Kerry looks over another photo, taken years later. Daymon is backstage at some event long forgotten, clad in gear and glazed in sweat and blood after a battle in the ring. His first earned World Heavyweight Championship is draped over one arm. The other arm is slung over the shoulders of the same Japanese man, who now looks considerably lighter and anemic. He’s clearly suffering from some sickness, but nevertheless beams with pride as he poses with his former student, now a champion. The same boy, now a young teenager, is standing nearby off to the side. It’s obvious by now that the boy is Kerry.

Rocko Daymon:
Seems really stupid, that I would even willingly put myself through that. Especially given what so many others were unwillingly put through, just for the crime of existing. And all just because I needed to be seen and respected. But needless to say, climbing that mountain put a serious toll on my body. That’s how I fell into painkillers. A couple years later, that gave way to the dope. I managed to get good at keeping it hidden from the bosses and the other guys in the locker room… and my friends. So the problem just spiraled out of control, completely unchecked, with nobody to intervene or pull me out of it. By that point, it was too late.

He looks over another photo. It’s a dynamic shot in black and white of the same Japanese man from before, now younger, in what must be the prime of his professional wrestling career. He’s posted up on the turnbuckle and pumping both arms triumphantly into the air.

ZACK KUROYAMA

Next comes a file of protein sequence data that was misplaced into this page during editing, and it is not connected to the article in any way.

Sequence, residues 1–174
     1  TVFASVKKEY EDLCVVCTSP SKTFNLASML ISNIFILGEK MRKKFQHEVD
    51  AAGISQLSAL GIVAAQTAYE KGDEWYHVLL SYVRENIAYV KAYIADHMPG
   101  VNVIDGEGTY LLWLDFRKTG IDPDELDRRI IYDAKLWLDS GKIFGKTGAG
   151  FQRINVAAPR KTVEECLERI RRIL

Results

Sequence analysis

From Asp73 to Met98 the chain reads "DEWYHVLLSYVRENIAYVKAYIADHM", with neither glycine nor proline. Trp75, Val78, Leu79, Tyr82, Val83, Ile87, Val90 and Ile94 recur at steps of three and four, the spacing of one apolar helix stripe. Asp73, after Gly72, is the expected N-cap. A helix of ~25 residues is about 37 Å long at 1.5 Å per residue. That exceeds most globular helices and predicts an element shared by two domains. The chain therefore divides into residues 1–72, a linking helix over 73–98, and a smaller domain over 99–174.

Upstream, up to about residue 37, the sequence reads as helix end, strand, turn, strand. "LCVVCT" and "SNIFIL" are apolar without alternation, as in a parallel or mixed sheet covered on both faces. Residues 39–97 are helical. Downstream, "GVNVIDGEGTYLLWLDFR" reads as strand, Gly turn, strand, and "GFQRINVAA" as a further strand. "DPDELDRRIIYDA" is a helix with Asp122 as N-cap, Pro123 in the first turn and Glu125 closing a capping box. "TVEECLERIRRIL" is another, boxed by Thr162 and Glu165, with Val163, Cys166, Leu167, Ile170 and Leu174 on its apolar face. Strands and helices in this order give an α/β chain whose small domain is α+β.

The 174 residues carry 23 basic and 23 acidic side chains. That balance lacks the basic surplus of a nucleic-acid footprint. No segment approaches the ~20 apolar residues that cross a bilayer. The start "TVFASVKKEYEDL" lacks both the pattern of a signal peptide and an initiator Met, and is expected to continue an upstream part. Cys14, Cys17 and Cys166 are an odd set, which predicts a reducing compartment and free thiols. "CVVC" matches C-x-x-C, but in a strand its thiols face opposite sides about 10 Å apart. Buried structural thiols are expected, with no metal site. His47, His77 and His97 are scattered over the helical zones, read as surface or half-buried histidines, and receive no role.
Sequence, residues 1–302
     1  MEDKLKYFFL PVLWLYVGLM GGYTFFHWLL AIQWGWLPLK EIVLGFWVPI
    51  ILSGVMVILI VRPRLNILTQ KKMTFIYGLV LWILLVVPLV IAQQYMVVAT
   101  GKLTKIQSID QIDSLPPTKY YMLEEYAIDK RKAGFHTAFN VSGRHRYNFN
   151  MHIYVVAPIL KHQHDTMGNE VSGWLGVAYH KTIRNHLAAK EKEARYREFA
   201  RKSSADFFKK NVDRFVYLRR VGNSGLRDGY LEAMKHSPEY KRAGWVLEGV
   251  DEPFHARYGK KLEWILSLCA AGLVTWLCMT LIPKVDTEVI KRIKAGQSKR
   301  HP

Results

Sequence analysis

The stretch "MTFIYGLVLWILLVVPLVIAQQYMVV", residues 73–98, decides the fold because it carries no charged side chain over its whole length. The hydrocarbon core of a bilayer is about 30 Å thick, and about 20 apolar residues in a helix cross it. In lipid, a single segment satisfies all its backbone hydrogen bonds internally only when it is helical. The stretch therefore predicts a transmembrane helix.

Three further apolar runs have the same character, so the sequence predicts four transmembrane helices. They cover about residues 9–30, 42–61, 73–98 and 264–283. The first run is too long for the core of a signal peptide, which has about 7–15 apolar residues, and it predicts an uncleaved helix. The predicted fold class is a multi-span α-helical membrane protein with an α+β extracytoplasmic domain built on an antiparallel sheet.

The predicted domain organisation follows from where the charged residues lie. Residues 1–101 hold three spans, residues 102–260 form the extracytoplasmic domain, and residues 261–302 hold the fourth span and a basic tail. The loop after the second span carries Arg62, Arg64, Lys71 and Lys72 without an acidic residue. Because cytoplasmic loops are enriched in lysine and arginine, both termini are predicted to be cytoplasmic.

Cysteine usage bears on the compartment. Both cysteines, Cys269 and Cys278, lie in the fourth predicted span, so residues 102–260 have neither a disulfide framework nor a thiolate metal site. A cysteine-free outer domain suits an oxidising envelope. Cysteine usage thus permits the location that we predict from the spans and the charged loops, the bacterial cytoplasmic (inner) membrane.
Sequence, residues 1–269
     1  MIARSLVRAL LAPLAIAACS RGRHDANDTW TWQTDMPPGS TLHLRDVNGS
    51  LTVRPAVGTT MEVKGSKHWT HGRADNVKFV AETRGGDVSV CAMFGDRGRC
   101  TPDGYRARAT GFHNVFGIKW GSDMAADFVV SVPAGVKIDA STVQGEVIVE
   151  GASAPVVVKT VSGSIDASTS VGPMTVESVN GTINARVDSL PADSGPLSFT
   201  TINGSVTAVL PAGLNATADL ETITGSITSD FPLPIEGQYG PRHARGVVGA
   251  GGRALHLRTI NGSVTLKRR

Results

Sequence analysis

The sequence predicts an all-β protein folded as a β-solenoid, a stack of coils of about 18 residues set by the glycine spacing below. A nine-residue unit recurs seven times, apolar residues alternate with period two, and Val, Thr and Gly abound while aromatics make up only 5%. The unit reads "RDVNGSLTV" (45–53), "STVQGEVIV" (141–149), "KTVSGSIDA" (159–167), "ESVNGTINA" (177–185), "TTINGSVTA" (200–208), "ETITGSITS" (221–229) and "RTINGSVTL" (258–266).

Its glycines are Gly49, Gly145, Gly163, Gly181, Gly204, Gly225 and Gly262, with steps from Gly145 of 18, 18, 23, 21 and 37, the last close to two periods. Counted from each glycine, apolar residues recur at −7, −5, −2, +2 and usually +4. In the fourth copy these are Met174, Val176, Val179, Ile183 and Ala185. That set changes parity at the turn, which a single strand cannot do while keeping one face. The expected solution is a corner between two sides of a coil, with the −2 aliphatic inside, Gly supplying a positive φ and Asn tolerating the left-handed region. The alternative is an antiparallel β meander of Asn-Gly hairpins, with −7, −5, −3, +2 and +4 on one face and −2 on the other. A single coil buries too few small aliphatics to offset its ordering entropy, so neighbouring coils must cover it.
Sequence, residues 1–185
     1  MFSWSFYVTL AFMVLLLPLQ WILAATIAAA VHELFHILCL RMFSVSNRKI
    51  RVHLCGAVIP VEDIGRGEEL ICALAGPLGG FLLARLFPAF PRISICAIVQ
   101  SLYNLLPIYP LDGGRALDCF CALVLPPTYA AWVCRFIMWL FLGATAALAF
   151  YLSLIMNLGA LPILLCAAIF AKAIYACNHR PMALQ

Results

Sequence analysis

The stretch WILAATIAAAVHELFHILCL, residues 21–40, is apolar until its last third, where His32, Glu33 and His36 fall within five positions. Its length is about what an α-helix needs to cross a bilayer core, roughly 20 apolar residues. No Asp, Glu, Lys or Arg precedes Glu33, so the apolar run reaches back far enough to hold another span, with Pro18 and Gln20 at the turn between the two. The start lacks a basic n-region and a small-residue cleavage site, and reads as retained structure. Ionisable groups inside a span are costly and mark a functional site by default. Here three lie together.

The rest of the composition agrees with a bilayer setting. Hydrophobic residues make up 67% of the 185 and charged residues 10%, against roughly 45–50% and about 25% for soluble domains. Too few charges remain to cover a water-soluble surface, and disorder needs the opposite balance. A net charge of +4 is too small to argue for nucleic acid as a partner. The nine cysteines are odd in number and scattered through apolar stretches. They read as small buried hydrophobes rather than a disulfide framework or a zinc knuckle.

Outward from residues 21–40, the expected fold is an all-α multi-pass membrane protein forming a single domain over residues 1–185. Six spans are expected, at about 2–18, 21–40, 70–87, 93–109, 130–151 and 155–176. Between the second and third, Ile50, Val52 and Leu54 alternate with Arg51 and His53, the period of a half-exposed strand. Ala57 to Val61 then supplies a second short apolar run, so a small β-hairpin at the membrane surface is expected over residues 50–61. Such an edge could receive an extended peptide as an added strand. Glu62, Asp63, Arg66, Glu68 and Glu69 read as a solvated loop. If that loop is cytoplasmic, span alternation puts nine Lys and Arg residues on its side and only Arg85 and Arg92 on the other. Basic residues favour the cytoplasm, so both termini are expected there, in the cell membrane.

1974 - 2008

Rocko Daymon:
But after everything, I never got that respect. Just a series of concussions, broken bones, and a monkey on my back that will be with me for the rest of my days. My marriage collapsed, and it strained all my other relationships with friends and family as I continued to sink into that deep, dark hole.

He looks at another photo… Daymon stands in the center with his arms crossed over his chest, flanked by six young athletes in matching wrestling attire. The Dojo’s first class, circa 2010. Kerry, fresh-faced and still a teenager, stands on the end of one row. He’s clad in his familiar emerald and silver get-up. His face is bright and full of optimism. It’s a far cry from the dour and stone-like face he wears now, over ten years later.

Rocko Daymon:
It took the combined efforts of those who were still close to me to keep me on the path of sobriety over the years. There were some good stretches of time where I was clean, and I stayed competitive. And when things started slowing down, I built this wrestling school to pass on the skills and experiences I picked up over the years, in hopes that future generations wouldn’t make the same mistakes I made.

Another photo… an official DEFIANCE promotional portrait. Rocko Daymon and Kerry Kuroyama stand side-to-side in matching gear, looking strong and determined.

Rocko Daymon:
Then five years ago, I went back to work after securing a job with DEFIANCE down in New Orleans, along with one of my students. We partnered up… the “Rain City Ronin”, we called ourselves… a combination of aged wisdom and youthful determination. We had a lot of potential, I feel. There was a good opportunity for my protege to build a future for himself, as well as eventually end my own career on a high note.

Another DEF promotional portrait. It’s a few years later, and Kerry has aged, but Daymon has been replaced by “Sub Pop” Scott Douglas. It’s the  more familiar DEFIANCE tag team known as Seattle’s Best.